I’m hooked quite a bit on the Science of Success podcast. Currently, I’m listening to an interview with Eric Barker, author of “Barking Up The Wrong Tree”.
Barker talks a lot about understanding not your passion, but your strengths: what are you GOOD AT. The science says this pays off in feeling happy, and respected in the work you do. If we spend time doing things we are good at, and find a way to monetize it (why does that feel like a dirty word?), we can make bigger gains (in many ways) in our entrepreneurial endeavours.
Eric also talks about the benefits of quitting (when grit gets in our way of actually achieving what we have in mind) and that in the right environment (our ideal environment?) “negative” traits are assets. If what you bring to what you do is not a good fit and isn’t valued, then you are not getting to use who you are to make a change in the world.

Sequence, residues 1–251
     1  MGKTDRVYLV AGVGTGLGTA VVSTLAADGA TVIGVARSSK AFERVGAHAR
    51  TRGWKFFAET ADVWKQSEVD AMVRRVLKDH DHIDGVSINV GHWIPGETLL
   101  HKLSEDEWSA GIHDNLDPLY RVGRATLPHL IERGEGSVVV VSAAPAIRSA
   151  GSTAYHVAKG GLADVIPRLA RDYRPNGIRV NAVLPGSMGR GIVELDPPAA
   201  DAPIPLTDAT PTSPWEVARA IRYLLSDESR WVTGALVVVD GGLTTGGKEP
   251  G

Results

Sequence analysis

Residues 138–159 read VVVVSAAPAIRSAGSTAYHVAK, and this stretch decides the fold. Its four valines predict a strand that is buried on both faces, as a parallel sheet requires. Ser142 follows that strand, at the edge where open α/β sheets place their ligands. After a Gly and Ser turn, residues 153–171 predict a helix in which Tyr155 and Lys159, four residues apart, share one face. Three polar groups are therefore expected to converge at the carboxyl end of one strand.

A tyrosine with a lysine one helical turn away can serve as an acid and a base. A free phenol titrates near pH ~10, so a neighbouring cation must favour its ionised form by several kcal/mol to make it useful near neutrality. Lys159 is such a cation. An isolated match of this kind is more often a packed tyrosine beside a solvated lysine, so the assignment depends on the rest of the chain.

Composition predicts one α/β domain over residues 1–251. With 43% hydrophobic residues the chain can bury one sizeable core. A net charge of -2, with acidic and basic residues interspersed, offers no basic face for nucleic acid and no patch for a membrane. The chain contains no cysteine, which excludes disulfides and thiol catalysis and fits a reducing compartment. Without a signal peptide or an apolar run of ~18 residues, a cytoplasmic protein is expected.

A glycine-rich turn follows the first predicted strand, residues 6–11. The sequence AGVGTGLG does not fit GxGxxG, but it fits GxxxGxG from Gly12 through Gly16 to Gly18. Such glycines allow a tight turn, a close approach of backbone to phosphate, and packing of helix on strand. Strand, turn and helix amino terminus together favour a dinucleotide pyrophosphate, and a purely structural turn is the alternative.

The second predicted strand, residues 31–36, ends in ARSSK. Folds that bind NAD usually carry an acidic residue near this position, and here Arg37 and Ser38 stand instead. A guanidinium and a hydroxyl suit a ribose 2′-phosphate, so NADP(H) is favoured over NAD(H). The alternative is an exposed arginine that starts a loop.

Lastly –and here I am throwing out a challenge to you– he said understanding your signature strengths (maybe it’s writing, stubbornness, empathy, etc) is easier if we ask others close to us who they believe we are/ what are our characteristics.
So here is the challenge. Ask three (or more!) close friends or colleagues to tell you who they see you are. The more people you ask, the more you will see a pattern of some key characteristics that perhaps you did not realize about yourself. This self-knowledge can help guide you in the decisions you make about what direction you take your business. This process is not meant to make us feel uncomfortable, or discouraged. We can have compassion for our own struggles, and, if combining this with knowledge of our strengths and challenges, we can reach a sense of self-actualization –that place we can fulfil our talents and potential.
And if you know me well I would love to hear from you –who am I in your eyes? What are my strengths? What holds me back? Feel free to share on our facebook page or email me at firstname.lastname@example.org –I’d really love to know myself better.